This stirring thesis raises many unanswered questions. If Darwin was so hell-bent on using science to undercut slavery, why not opt for a monogenist argument that all men and women were descended from Adam and Eve? Why bother bringing plants and animals into the picture at all? Moreover, the problem with making transmutation the basis for a critique of slavery was that it posed the question of how far back the splits among races had occurred. A few thousand years? A few million? Tens of millions? Since fossil hunters had yet to find a convincing human precursor, the branching among human races could theoretically be thrust back a very long way indeed. Inveterate racists could — and did — assert that the common ancestor of human races lived many millions of years ago, while the opponents of slavery opted for a more recent division. Evolutionary theory did not vouchsafe any one position. Nor does all the evidence as marshalled by Desmond and Moore neatly fit their hypothesis (as they at times concede). For if the brutality of slave-owning regimes put so much fire in Darwin’s belly, why did he write with cool indifference about the "inevitable" extinction of peoples like the Australian aboriginals? And why did he feel the need to insist that "savage" peoples were the moral and intellectual inferiors of whites?
One of the most remarkable features of this book is its originality. Desmond and Moore’s Darwin was far less bold in its analysis: historians had long pointed out that a fear of social ostracism contributed to Darwin’s delaying publication of his theory and even Karl Marx had recognised the clear affinities between the theory of natural selection and the often highly creative state of competition which fuels capitalist society. This time, however, Desmond and Moore are presenting a thesis which has been played in hushed tones, if at all, by previous Darwin scholars.
For this very reason their racy, rollicking style may not have been the most appropriate choice. A comparison to Darwin’s On the Origin of Species is germane. Knowing that his theory was going to be hotly contested and painfully aware of some important gaps in his data, Darwin presented his theory in the form of "one long argument", meticulously piecing together thousands of individual facts. In fact, the Origin has been compared aptly to a legal brief. So Darwin told the reader at every turn what he was arguing and how far his evidence went. He also did something unlike any attorney worth his fee: he devoted a chapter to acknowledging and then trying to argue around a set of thorny problems with this theory. Darwin’s great book was compelling because it is at once authoritative, brimming with data and candid about its limitations. Desmond and Moore’s Darwin’s Sacred Cause is also "one long argument", but it is written in the form of a breathless narrative replete with rhetorical flourishes. This makes it a superb and edifying read. But it also means that readers may find it hard to judge the quality of the evidence. There is no attempt to compare the relative importance of, say, slavery and mockingbirds, or Fuegians and finches. In fact, at one point we are reminded that "humans were not the sole source of insights into transmutation" (p 124). This would sound like outrageous understatement were it not for the fact that the preceding pages contain barely a mention of fossils or biogeography. Clearly Desmond and Moore know as much about the scientific basis of Darwin’s science as anyone alive. Nevertheless their style lacks the disarming clarity which left many of Darwin’s readers feeling that they were being told it as it is.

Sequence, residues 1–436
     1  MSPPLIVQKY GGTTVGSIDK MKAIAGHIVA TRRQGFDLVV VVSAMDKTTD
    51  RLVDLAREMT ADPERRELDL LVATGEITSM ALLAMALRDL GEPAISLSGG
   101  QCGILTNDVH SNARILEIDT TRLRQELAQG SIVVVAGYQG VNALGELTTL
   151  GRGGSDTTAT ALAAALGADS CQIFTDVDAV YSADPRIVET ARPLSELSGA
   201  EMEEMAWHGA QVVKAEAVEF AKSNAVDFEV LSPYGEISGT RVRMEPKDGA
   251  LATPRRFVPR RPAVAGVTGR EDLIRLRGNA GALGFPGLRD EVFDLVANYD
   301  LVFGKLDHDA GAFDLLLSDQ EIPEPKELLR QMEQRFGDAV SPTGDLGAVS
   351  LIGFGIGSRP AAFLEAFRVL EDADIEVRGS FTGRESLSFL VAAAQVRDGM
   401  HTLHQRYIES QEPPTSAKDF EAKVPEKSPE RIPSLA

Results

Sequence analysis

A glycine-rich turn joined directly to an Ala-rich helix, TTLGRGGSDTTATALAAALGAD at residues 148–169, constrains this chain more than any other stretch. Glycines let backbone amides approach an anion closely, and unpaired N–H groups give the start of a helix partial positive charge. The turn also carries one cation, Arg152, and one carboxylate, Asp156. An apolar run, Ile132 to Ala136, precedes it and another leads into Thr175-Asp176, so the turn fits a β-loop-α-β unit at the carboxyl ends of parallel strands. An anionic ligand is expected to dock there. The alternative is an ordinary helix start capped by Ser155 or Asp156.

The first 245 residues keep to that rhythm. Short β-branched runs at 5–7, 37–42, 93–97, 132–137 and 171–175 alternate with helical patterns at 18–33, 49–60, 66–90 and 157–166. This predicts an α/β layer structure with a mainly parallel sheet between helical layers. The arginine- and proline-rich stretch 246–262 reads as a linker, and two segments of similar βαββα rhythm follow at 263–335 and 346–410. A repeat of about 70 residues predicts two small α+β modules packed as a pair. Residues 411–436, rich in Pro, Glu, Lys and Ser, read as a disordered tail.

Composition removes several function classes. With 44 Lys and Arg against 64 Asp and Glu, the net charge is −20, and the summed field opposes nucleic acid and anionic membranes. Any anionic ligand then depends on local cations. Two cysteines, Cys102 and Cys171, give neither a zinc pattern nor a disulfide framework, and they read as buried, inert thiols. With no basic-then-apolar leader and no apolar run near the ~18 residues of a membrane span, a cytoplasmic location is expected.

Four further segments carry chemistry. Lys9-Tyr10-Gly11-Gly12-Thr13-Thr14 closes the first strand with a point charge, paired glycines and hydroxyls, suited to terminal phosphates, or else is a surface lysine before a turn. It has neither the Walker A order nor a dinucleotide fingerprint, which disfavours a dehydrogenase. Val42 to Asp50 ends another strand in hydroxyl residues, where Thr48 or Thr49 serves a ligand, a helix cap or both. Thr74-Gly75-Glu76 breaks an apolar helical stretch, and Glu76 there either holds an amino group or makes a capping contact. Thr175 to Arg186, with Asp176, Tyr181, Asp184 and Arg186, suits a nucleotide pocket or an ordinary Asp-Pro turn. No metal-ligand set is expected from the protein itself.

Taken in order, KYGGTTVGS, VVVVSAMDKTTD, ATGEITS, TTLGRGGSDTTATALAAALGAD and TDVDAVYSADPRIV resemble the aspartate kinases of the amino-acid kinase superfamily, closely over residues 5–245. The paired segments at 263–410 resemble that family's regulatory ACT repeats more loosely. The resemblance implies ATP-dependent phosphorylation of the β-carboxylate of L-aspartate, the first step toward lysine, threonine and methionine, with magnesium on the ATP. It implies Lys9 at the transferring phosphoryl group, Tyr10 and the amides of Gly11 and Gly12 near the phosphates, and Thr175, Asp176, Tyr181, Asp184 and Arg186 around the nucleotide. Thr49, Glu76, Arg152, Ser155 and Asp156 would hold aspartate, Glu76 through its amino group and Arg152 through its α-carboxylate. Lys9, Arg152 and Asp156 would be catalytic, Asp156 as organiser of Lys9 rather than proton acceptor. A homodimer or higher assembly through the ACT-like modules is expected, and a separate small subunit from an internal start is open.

In sum, this is another splendid book from Desmond and Moore, the product of vast learning and deep sympathy, conveyed with often lyrical prose. If there are difficulties with the claims they make, they have at least provided, as Darwin said of his fledgling theory in 1837, a "theory by which to work." Time will tell if it has the strength to survive.